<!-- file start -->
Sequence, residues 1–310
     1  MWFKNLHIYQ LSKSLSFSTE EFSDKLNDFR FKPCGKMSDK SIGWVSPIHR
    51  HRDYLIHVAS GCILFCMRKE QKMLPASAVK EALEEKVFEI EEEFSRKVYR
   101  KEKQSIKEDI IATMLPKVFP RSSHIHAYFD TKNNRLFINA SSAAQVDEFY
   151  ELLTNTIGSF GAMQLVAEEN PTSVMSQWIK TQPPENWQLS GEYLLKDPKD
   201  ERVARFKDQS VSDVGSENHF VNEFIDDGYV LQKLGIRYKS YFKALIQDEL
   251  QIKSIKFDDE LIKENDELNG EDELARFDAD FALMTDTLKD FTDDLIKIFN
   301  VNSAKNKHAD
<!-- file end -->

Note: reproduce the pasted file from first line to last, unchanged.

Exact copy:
Sequence, residues 1–310
     1  MWFKNLHIYQ LSKSLSFSTE EFSDKLNDFR FKPCGKMSDK SIGWVSPIHR
    51  HRDYLIHVAS GCILFCMRKE QKMLPASAVK EALEEKVFEI EEEFSRKVYR
   101  KEKQSIKEDI IATMLPKVFP RSSHIHAYFD TKNNRLFINA SSAAQVDEFY
   151  ELLTNTIGSF GAMQLVAEEN PTSVMSQWIK TQPPENWQLS GEYLLKDPKD
   201  ERVARFKDQS VSDVGSENHF VNEFIDDGYV LQKLGIRYKS YFKALIQDEL
   251  QIKSIKFDDE LIKENDELNG EDELARFDAD FALMTDTLKD FTDDLIKIFN
   301  VNSAKNKHAD